Iowa’s largest newspaper is demanding a "complete audit" into the results of the Iowa Democratic caucus that saw Hillary Clinton narrowly edge out Sen. Bernie Sanders (I., Vt.) by 0.2 percentage points.
"The results were too close not to do a complete audit of results," the editorial board of the Des Moines Register wrote late Wednesday.
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The editorial board, which endorsed Clinton for the Democratic nomination for president last month, demanded that the chair of the Iowa Democratic Party "work with all the campaigns to audit results" and release raw vote totals in addition to the results of coin tosses. The editorial cited a Sanders campaign representative who said his campaign has already detected inconsistencies when rechecking the results.
Andy McGuire, the state party chair, has refused to work with the Sanders campaign to compare results. The editorial board charged that McGuire’s actions merely "confirm the suspicions" of Sanders supporters that the party is favoring Clinton.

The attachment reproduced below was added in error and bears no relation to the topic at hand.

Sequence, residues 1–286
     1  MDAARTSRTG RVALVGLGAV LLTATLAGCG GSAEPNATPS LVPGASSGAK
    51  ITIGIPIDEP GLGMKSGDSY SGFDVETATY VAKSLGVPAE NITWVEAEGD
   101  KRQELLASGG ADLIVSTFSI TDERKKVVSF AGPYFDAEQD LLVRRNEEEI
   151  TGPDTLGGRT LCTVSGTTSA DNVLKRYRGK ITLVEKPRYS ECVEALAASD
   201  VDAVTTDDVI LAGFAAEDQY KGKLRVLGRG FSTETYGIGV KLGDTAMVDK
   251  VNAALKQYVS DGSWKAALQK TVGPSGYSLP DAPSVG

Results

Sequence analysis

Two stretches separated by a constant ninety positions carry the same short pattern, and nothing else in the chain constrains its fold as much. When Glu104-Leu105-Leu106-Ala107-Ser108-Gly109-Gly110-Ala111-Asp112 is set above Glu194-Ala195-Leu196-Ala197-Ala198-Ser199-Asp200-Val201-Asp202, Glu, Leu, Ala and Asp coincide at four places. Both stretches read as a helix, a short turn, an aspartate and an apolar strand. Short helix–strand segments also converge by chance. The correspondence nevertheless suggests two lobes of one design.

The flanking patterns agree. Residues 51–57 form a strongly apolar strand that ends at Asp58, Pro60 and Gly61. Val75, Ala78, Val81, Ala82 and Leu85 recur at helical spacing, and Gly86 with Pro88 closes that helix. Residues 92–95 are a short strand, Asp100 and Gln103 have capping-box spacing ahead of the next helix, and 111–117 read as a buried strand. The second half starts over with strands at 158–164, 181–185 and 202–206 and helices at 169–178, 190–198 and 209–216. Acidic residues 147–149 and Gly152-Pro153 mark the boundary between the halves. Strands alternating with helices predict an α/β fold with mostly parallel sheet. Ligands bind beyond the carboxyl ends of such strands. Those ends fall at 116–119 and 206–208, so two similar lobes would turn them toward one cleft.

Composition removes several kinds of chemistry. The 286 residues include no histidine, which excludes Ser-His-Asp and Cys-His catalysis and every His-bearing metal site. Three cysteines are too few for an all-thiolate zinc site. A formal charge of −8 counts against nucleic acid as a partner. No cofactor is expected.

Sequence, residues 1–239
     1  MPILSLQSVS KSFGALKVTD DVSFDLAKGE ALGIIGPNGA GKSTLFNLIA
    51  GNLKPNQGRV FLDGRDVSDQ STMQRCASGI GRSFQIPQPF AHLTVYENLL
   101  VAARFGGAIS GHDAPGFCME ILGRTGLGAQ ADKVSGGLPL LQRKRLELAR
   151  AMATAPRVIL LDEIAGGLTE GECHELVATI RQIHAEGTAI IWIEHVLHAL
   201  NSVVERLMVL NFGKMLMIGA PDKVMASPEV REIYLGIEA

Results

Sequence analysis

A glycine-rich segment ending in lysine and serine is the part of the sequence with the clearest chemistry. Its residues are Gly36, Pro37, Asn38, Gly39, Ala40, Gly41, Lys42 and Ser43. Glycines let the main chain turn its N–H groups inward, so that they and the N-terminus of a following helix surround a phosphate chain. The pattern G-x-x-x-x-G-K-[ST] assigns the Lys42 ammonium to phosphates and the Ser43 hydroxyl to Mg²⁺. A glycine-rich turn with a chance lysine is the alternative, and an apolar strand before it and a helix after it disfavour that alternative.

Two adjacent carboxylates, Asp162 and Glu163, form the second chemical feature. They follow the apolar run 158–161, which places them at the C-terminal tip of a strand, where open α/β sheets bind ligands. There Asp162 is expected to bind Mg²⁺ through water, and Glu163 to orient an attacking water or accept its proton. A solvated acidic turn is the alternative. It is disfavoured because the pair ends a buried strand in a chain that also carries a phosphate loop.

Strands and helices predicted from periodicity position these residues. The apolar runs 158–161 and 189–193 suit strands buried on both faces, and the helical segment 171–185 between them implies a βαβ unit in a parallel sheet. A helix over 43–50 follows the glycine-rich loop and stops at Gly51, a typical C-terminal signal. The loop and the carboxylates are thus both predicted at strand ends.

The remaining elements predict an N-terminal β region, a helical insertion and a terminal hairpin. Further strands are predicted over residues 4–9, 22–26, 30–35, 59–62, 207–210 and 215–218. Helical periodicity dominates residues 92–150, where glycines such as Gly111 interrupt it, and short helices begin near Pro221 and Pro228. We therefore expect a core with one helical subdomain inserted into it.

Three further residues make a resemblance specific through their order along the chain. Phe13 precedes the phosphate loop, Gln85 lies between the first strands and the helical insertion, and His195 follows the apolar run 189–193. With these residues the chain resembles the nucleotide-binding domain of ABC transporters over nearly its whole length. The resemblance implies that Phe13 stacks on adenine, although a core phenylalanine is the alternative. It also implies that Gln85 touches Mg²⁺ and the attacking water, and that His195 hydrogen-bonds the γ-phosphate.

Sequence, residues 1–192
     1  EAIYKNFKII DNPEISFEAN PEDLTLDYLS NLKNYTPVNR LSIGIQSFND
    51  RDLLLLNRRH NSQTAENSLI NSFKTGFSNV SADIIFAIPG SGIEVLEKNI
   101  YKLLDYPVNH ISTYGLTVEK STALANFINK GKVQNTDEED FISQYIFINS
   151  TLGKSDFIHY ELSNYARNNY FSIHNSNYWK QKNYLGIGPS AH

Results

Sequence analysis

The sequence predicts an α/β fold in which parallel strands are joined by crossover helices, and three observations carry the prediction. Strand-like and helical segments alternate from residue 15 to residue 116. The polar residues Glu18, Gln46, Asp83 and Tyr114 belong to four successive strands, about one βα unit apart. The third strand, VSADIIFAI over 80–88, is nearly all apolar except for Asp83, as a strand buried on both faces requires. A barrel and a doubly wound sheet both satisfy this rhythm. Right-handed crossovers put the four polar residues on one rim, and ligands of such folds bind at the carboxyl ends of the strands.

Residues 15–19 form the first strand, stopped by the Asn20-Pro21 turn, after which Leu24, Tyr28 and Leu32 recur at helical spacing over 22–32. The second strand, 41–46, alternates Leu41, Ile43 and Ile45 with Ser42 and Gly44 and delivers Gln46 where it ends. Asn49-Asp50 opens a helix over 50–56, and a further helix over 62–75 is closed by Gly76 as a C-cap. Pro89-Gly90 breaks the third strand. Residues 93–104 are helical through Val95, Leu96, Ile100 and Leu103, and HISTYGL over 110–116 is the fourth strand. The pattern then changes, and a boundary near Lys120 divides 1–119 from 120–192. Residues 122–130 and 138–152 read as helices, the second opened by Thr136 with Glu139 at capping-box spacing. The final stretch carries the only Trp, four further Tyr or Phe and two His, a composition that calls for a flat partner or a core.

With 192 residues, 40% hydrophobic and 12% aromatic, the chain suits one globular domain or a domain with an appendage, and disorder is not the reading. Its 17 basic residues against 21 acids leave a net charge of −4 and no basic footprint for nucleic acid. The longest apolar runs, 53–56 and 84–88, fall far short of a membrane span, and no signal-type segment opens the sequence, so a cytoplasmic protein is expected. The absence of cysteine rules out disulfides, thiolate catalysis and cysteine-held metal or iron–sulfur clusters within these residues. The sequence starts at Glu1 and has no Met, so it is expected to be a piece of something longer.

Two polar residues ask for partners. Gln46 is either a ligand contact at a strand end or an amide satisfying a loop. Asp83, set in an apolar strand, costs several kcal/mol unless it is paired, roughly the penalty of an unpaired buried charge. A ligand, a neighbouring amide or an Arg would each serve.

"What happened Monday night at the Democratic caucuses was a debacle, period. Democracy, particularly at the local party level, can be slow, messy and obscure. But the refusal to undergo scrutiny or allow for an appeal reeks of autocracy," the editorial board wrote.
"The Iowa Democratic Party must act quickly to assure the accuracy of the caucus results, beyond a shadow of a doubt."
Various news outlets deemed the Democratic caucus too close to call Monday night, when Clinton and Sanders were separated by well under 1 percentage point. The Associated Press did not declare Clinton the winner until early Tuesday afternoon, 0.2 percentage points separating her from Sanders.
The Clinton campaign declared victory hours earlier. Still, the Sanders campaign refused to concede the race.
"Too many accounts have arisen of inconsistent counts, untrained and overwhelmed volunteers, confused voters, cramped precinct locations, a lack of voter registration forms and other problems," the Register editorial read. "Too many of us, including members of the Register editorial board who were observing caucuses, saw opportunities for error amid Monday night’s chaos."
The demand comes days before Clinton and Sanders are set to face off in the Democratic primary in New Hampshire, where Sanders holds a sizable lead over the former secretary of state.